|Section:||H. sect. Myriandra|
|Subsection:||H. subsect. Centrosperma|
|Known occurrences of Hypericum swinkianum|
Swink's St. John's wort is a many-branched shrub up to 1.8 meters (5.9 ft) high. It has exfoliating bark. The leathery, oblong leaves reach 2 centimeters (3⁄4 in) in width and 5 centimeters (2.0 in) in length, with weakly revolute edges. The flowers are produced in terminal flowerheads known as dichasia. Each dichasium produces 7-31 bright yellow flowers, each with 5 petals and numerous yellow stamens. The capsules are 5-parted. In the Chicago Region, it blooms between July and August.
Hypericum swinkianum differs from the closely related Hypericum kalmianum by its notably larger vegetative features, flowerheads each averaging more than 7 flowers, and an affinity toward acidic rather than calcareous habitats.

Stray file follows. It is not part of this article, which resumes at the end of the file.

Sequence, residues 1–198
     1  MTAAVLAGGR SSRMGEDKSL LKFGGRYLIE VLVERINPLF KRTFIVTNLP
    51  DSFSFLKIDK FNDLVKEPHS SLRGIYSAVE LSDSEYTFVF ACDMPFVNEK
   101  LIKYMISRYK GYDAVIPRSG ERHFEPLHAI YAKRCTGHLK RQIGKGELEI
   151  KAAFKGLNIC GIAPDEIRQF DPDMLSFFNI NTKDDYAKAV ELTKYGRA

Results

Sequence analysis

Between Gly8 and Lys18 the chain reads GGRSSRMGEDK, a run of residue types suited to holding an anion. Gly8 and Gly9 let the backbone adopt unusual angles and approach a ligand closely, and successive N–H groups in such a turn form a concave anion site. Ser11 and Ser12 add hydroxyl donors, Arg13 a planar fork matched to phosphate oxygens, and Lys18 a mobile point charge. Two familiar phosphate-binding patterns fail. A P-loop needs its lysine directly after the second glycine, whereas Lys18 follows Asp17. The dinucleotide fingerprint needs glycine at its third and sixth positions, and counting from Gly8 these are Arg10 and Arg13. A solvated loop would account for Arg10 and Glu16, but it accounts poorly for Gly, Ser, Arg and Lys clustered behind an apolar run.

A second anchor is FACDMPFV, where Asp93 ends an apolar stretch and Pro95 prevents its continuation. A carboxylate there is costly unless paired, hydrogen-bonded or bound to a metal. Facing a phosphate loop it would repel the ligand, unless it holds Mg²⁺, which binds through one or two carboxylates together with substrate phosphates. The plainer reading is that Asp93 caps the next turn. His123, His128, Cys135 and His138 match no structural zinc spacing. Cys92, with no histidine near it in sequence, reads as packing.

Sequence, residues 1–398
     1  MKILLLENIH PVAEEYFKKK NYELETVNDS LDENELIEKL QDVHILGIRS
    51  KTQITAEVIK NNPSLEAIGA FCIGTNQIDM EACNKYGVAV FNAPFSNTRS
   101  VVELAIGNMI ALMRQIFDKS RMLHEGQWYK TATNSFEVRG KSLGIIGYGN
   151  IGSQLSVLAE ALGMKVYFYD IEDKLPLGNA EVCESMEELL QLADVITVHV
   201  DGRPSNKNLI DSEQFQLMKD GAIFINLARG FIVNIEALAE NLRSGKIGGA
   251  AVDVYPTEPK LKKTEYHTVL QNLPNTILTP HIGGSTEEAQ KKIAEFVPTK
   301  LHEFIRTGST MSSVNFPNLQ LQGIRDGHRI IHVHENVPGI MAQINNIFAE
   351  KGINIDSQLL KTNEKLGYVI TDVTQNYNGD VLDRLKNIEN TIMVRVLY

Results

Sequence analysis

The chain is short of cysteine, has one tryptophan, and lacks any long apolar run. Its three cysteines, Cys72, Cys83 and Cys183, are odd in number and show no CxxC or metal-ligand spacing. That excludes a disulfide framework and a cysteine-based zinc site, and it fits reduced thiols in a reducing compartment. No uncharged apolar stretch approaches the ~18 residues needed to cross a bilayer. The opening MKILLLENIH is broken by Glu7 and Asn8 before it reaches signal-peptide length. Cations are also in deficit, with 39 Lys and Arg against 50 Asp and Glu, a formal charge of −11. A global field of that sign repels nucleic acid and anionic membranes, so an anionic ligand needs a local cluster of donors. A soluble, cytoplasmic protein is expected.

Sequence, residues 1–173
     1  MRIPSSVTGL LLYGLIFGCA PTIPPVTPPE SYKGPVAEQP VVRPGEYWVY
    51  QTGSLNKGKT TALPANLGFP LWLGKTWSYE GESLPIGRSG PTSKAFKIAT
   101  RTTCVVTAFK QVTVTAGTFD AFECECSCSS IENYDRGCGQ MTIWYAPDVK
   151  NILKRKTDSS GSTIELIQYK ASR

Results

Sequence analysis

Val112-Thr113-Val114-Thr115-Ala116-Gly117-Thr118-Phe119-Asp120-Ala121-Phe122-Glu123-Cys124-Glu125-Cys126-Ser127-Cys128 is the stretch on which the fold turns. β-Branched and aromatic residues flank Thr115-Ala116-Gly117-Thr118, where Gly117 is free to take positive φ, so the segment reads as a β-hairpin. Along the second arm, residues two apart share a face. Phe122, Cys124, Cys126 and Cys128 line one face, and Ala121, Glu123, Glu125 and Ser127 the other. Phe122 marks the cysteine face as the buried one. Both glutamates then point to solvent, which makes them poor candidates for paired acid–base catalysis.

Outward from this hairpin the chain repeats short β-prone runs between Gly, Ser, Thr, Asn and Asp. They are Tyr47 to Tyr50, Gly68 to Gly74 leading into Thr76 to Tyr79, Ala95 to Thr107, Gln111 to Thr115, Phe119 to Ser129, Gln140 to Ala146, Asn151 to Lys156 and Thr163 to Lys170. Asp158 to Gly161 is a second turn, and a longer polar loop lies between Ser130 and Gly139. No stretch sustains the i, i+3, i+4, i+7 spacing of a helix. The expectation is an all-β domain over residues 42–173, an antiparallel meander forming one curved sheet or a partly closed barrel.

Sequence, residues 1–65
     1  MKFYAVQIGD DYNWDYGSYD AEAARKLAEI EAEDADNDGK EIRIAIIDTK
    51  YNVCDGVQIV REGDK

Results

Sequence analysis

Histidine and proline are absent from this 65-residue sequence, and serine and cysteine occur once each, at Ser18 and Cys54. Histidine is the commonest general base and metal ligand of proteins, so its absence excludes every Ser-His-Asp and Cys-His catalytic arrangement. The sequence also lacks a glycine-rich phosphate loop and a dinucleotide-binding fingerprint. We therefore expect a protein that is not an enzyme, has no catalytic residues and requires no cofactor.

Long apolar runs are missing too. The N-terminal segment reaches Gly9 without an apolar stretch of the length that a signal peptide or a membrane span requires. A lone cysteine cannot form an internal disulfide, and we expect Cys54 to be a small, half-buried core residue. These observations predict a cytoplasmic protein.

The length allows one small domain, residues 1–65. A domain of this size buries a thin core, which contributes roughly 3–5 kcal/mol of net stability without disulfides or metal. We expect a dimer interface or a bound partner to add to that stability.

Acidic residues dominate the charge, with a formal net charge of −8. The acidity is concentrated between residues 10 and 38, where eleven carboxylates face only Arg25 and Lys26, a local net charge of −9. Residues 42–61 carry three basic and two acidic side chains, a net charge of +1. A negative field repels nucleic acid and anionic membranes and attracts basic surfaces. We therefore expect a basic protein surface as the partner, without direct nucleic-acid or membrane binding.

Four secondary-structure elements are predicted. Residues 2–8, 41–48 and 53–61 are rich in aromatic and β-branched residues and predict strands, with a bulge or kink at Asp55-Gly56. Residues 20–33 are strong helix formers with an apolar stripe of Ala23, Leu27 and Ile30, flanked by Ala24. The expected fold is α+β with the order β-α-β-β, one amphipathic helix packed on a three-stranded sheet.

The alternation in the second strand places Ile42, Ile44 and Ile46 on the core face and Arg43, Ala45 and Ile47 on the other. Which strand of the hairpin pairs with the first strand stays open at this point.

Distribution and habitat
Swink's St. Johns wort is known to occur in sand flatwoods and acidic wet to wet-mesic sand prairies in the western Great Lakes region in the United States, including Illinois, Indiana, and Michigan. It is a highly conservative species with a coefficient of conservatism of 10 in the Chicago Region and in Michigan.
- Wilhelm, Gerould; Rericha, Laura (2016). "A new species of Hypericum (Hypericaceae) and some new combinations in the vascular flora of the Chicago Region" (PDF). The Michigan Botanist. 55: 89–96.
- "Hypericum swinkianum". Michigan Flora. Retrieved 2018-12-11.
- Wilhelm, Gerould; Rericha, Laura (2017). Flora of the Chicago Region: A Floristic and Ecological Synthesis.